Olympic Games: When Your Country Says No
Published on May 10th, 2016
There are ten Olympic sailing events, and while you may be the best in your country in one of the events, that does not guarantee you will make it to the Olympics. That is the lesson sailors in New Zealand are finding out.
The first step is that your county must perform well enough in qualifying regattas prior to the Games. Each event has limited entries, and only the best nations get invited. But once invited, the country can decline, typically when a sailor is not deemed sufficiently competitive to warrant the expense of participation.
In the USA, the laws permit no subjectivity to selection, and if the country qualifies, a sailor will fill that entry. Conversely, Canada has a system with subjectivity, and have focused on events that they seek to emphasize. While the sailors want transparency, a system with flexibility helps the country assure the best sailors are sent and resources are maximized.
The New Zealand selection system provided an outline on what was required of the athletes to make the Olympic team, but was sufficiently vague to provide flexibility for the selectors. And when the New Zealand Olympic Committee confirmed its final sailing selections on May 10th, it came as harsh news to some of their sailors.
As reported in the New Zealand Herald, the country will not have a representative in the boardsailing classes for the first time since it was introduced to the Olympic sailing programme in 1984. Despite qualifying the Men’s and Women’s RS:X class, Yachting NZ offered up no nominations.
JP Tobin had dropped his bid for Olympic selection last year in the Men’s RS:X, citing a lack of support from the national body, while Natalia Kosinska’s form in the Women’s RS:X was not deemed compelling enough to sway selectors.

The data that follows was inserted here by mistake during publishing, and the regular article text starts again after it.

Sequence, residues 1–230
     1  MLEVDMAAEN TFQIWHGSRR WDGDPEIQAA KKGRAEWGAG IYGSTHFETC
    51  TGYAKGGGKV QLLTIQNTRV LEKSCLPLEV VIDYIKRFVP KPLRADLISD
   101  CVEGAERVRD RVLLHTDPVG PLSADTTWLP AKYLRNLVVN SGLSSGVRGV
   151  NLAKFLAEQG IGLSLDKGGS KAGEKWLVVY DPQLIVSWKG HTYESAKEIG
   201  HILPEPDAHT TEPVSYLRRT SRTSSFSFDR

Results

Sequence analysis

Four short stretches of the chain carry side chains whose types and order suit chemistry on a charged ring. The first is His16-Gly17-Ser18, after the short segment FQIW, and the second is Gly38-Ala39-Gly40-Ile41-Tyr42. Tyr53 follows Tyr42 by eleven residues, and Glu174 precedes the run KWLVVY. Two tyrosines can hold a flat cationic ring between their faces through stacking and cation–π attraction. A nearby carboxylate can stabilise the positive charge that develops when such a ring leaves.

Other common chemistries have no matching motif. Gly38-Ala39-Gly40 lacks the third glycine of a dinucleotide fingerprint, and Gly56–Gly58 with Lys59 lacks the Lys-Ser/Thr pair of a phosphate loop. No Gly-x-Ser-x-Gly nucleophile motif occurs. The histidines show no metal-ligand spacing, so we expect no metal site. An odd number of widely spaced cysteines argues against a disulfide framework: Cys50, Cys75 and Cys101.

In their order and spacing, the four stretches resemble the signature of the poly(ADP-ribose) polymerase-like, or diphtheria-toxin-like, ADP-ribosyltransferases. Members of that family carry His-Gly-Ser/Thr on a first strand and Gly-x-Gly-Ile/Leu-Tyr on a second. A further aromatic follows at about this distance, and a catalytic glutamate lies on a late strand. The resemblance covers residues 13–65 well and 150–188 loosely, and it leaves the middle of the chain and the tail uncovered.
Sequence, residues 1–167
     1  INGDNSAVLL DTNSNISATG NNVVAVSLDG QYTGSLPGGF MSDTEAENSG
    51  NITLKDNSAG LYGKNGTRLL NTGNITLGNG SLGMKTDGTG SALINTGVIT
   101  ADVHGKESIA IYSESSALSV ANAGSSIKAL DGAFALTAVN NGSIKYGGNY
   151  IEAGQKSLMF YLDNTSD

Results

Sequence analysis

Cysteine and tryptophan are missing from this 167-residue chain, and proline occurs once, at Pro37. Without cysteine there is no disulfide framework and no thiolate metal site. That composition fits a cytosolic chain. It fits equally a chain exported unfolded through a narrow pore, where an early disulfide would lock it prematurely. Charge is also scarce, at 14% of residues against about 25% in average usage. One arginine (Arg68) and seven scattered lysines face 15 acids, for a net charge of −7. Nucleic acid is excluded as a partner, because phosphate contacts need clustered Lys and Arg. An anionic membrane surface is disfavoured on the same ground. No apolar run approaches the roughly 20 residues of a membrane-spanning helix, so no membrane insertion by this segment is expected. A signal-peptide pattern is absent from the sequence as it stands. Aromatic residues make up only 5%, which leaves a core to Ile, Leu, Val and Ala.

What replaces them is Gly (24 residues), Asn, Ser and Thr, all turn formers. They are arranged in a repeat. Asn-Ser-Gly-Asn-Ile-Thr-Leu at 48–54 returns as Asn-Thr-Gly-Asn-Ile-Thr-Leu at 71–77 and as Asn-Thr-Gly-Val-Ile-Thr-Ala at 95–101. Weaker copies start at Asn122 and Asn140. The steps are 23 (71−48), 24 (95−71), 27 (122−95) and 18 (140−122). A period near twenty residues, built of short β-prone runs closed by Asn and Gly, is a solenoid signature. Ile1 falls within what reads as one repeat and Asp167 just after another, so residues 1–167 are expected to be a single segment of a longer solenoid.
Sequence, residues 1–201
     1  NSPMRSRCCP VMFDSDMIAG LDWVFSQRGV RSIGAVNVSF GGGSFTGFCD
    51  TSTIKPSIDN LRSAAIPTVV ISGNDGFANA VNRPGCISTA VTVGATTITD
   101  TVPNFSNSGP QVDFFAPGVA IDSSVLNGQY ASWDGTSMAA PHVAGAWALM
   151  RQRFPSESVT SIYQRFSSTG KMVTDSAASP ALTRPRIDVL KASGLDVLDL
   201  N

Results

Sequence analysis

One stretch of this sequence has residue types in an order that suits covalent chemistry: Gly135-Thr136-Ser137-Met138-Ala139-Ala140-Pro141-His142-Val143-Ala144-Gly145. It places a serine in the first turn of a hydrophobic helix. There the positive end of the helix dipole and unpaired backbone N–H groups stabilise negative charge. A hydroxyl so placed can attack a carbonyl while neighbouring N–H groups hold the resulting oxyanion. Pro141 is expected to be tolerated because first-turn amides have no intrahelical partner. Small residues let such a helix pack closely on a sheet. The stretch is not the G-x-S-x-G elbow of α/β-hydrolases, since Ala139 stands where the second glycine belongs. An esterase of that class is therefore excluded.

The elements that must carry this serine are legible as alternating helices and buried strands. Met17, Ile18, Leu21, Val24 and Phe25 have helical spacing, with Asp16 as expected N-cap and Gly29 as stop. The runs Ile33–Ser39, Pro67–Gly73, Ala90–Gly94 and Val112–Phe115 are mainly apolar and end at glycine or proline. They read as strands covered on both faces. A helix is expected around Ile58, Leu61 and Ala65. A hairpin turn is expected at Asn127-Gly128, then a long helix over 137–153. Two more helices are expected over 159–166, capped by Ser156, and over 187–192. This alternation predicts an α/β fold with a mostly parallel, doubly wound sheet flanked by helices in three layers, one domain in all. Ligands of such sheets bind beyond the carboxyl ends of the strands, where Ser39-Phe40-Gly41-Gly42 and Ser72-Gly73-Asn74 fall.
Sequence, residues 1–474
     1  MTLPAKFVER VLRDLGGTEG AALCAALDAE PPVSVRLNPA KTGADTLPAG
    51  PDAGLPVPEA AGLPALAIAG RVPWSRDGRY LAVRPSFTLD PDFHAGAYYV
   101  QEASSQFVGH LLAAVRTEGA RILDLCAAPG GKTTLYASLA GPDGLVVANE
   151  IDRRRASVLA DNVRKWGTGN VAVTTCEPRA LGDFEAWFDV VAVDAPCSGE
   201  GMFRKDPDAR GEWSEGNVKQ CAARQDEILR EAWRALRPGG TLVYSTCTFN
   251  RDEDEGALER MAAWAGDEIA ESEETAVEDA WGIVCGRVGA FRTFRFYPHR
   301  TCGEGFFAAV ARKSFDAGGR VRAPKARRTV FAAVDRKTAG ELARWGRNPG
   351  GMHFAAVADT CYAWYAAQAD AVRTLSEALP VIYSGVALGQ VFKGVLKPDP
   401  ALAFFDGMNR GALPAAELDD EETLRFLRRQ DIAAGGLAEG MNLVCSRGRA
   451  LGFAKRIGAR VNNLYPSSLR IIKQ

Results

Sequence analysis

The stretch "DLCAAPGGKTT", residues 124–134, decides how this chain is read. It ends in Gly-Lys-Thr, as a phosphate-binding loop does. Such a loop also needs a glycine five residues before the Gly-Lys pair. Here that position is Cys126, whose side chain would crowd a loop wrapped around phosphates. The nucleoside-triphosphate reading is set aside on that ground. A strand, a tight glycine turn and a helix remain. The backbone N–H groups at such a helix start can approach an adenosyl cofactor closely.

Sara Winther also fell short in her bid for Olympic selection in the Laser Radial despite some solid results over the last two regattas, meaning New Zealand will be represented in only seven of the 10 fleets.
The Herald has learned Winther and Kosinska intend to appeal their non-nominations to the Sports Tribunal. “We’ve taken a lot of flak recently from certain individuals around supporting or not supporting some of the classes,” said YNZ high performance director Jez Fanstone. “We’ve supported all the classes in this Olympic cycle but when it comes to selections we have a high bar.”
While Winther offered no details on the basis of her appeal, it is understood it will centre around a lack of clarity and transparency in Yachting New Zealand’s selection process. “YNZ’s decision has come as a huge disappointment to me,” she said.
Kosinska may have a tough task convincing the Tribunal of her case for inclusion, having finished 24th at last month’s key selection regatta at Sailing World Cup Hyeres.
At the 2012 Games, New Zealand was ranked fifth of the 12 countries that medaled, gaining a Gold in the Women’s 470 and a Silver in the Men’s 49er.